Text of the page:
The Electronic Health Records space is crowded and fragmented. DrChrono started by bootstrapping and has been extraordinarily capital efficient, compared with San Francisco's Practice Fusion, which has raised $134M from investors that include Kleiner Perkins and other big name firms. With major companies like GE, McKesson and Quest Diagnostics in the market, and many fast growing startups chasing for market share, DrChrono is racing to hire software engineers and customer relations staff so it can keep ahead of the game.


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ICD-10 Testing Tips for Small Physician Practices

ICD-10 Testing Tips for Small Physician Practices | Online Reputation Management for Doctors | Scoop.it

Small physician practices of one to five doctors may find ICD-10 testing more challenging than bigger medical facilities. Luckily, the Workgroup for Electronic Data Interchange (WEDI) released a white paper last week that offers a comprehensive plan for small physician practices looking to begin ICD-10 testing.

The publication targets external testing with payers. Starting in October, payers will incorporate ICD-10 codes in payment decisions and coverage. By performing ICD-10 testing, medical offices will be ensuring that their claims will be appropriately processed once the new coding system is in place across the country.2014-10-02-WEDI

The white paper goes into detail about some of the risks that ICD-10 testing will minimize. The risks include:

1) Claim denials and claim delays associated with ICD-10 coding errors

2) Cash flow disruption

3) EHR and other software applications’ inability to produce ICD-10 claims

Small physician practices may be experiencing a number of challenges with regard to ICD-10 testing such as few testing opportunities with payers or clearinghouses due to limited number of testing spots, inadequate ICD-10 training available for staff, and scarce provider resources available on ICD-10 testing.

To overcome some of these common challenges, the white paper covers key steps a small physician practice will need to take. First, it is important to speak with your EHR vendor and confirm that all software products and applications are ICD-10 compliant.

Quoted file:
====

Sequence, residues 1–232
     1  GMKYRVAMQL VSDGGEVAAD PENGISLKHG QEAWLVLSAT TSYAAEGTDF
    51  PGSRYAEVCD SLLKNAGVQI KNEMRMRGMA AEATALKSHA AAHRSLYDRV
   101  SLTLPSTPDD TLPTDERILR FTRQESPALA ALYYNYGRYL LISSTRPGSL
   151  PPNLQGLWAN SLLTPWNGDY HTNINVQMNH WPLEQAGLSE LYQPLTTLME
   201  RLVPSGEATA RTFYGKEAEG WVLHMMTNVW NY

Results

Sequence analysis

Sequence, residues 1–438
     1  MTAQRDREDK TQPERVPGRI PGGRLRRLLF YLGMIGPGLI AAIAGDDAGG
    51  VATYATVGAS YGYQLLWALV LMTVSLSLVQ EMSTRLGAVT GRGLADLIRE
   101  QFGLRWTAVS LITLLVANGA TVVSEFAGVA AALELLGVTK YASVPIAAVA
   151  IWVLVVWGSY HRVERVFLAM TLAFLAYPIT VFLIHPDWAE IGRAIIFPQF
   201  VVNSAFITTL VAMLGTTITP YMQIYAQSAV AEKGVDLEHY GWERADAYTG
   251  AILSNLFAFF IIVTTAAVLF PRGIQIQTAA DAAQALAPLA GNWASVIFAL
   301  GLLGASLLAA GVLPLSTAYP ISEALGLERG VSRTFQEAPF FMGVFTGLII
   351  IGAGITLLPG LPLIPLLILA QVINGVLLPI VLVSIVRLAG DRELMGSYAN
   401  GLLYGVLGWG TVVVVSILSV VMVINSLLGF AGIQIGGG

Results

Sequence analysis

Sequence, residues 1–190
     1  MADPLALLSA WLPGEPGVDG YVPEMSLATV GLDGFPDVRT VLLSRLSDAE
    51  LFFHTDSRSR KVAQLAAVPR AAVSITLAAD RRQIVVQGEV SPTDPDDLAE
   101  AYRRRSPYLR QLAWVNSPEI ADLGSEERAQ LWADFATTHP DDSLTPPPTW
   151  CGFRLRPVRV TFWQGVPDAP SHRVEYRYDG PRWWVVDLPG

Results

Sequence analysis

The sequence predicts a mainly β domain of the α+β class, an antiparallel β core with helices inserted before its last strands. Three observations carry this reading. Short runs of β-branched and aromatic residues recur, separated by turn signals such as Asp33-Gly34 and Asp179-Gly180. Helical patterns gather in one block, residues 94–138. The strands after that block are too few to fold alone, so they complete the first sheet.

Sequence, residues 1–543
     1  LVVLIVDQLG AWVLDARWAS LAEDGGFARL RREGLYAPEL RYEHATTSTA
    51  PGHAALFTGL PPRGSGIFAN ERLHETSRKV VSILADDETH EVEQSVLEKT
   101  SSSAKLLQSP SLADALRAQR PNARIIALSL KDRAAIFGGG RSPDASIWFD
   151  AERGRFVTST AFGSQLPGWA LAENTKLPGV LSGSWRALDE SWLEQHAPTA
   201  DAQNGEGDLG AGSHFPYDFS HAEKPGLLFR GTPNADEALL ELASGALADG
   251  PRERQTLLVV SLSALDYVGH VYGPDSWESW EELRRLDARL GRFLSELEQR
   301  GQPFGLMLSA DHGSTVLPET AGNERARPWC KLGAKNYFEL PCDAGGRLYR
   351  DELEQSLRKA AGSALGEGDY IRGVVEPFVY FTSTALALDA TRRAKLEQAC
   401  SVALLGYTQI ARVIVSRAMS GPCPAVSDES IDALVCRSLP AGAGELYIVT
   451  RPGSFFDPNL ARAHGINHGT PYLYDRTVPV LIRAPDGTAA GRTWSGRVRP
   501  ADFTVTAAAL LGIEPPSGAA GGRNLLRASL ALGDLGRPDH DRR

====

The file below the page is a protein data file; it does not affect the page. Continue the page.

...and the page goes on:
Then, identify the payers that process the highest percentage of your claims and be sure to test ICD-10 readiness with your top payers. Work with your clearinghouse or billing service to see how they can assist with ICD-10 testing.

Be aware that some payers are creating web-based, self-service testing opportunities for small medical practices. After speaking with your clearinghouse, the next step to take is to seek more resources through payer ICD-10 websites and provider newsletters.

Confirm that what you need to test aligns with what your payer is testing so that every base is covered. While there is still time, be sure to contact Medicare Administrative Contractors (MACs) and the Centers for Medicare & Medicaid Services (CMS) to register for ICD-10 testing during the remaining testing weeks.

For those wondering the best time to test, be sure to set aside plenty of time before the October 1 implementation date to complete your ICD-10 testing. Before you begin testing, determine if your team and needed resources are ready. Additionally, it’s vital to confirm that all payers and other partners are also ready to start ICD-10 testing. Contact clearinghouses and billing services to find out when their testing sessions take place.

CMS, for instance, offers end-to-end testing on April 27 through May 1 and July 20 through July 24. For the July testing session, providers have until March 13 to sign up. Creating a timeline for your ICD-10 preparations would also be a worthy goal.

Once you’re ready to begin ICD-10 testing, follow the instructions received from the payer or billing service end. When incorporating the new codes, it is important to pay attention to qualifiers, headers, and other key format items.

After you have completed ICD-10 testing, be sure to review the results and compare the actual data to predicted information. Analyze both the successes and failures of your submissions. Additionally, work with your payers to understand any errors that may have occurred and develop strategies to prevent the issues from taking place in the near future.

If you are a small physician practice, follow these ICD-10 testing tips to minimize any risks after the implementation deadline.